It's imperative to find someone who understands these market trends and has the credentials for success in what you're looking for.
Another critical factor to consider is location. Your broker will ideally know potential properties, understand the temperaments of different landlords, and have a firm handle on the negotiation styles in a given area.
Each type of commercial property has its own nuances, so it’s important to find a broker who has extensive experience buying and selling the type of property you’re looking for.
The average return on investment for commercial real estate assets historically is approximately 9.5%, which is in line with major equity indices. Given the potential upside, commercial real estate is a lucrative field to get into with a low barrier to entry and flexible working hours.
20% of brokers have had their real estate licenses for a year or less, which means you'll meet agents who are older in age but rookies in the business. Additionally, many dabble in real estate part-time, so make sure you find out how many projects your broker has been a part of throughout their career.
The first thing you can do is check if they have taken the necessary certifications to become a licensed commercial real estate broker. And how long have they worked in the industry? Do they have any customer reviews or testimonials?
Checking your broker’s academic qualifications can be a good indicator of expertise. In fact, 45% of realtors have completed a bachelor's or graduate degree.
You may also consider working with a team of brokers rather than an individual. Working with a team with varying levels of expertise can help provide a broader and deeper understanding of what you’re looking for.
Interview your broker just like you would interview a potential job candidate. Ask specific questions and try to get all the necessary intel you need to trust your broker. For example:
Don't be afraid to talk dollars! Ask questions about how they saved their client's money other than rent and commission. Use this opportunity to gauge if the agent's credentials align with what you want to accomplish.
A great example of conflict of interest is when you're a tenant, and your broker represents mostly landlords in a specific area. Or they may have their property that's on the market. 37% of licensed brokers own at least one secondary property.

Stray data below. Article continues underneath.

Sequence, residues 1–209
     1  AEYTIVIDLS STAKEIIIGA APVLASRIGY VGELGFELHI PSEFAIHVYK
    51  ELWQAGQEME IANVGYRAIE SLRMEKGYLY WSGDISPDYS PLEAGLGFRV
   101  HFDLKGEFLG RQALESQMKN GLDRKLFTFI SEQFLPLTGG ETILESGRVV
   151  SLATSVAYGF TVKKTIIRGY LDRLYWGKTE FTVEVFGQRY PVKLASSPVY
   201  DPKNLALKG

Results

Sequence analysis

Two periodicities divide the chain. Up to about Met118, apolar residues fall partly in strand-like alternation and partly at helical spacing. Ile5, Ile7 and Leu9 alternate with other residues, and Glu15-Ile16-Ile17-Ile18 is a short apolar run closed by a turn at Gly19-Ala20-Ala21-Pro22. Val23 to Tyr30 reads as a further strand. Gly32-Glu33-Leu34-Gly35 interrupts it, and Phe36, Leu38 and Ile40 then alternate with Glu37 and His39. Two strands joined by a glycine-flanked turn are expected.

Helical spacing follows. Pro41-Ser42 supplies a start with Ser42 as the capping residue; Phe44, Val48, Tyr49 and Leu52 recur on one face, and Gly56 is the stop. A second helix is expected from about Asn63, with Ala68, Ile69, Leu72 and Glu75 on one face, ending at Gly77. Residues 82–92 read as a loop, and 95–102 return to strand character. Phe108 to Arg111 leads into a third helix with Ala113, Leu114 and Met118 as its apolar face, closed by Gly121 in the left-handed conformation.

You may also want to find out if they have other clients interested in the same property as you. How would they address such a situation? Such matters may be more critical to some tenants than others. Conducting your research and going through the interview process is essential to find any potential conflicts of interest.
An ideal commercial real estate broker for you is someone who represents clients similar to you and has your best interests in mind.
This primarily involves trust and comfort. Trust between you and your broker is imperative, given how commercial real estate can be a "big ticket item."
Building trust can be tricky in the initial phase. Everyone puts their best foot forward when pitching to new clients. But pay attention to their follow-ups, communication style, and if they're offering any value adds. For example, how long does your broker take to respond to your enquiries and questions? Have they taken into account your suggestions and requirements when showing potential properties? Clarity and consistency in communication is key in establishing trust.
Then there is comfort. Do you enjoy working with your broker? Having a good working relationship can make the process easier and more fun for all parties involved.
Finding the right commercial real estate broker to work with is one of the most crucial steps in your buying and selling process. Here are the key takeaways: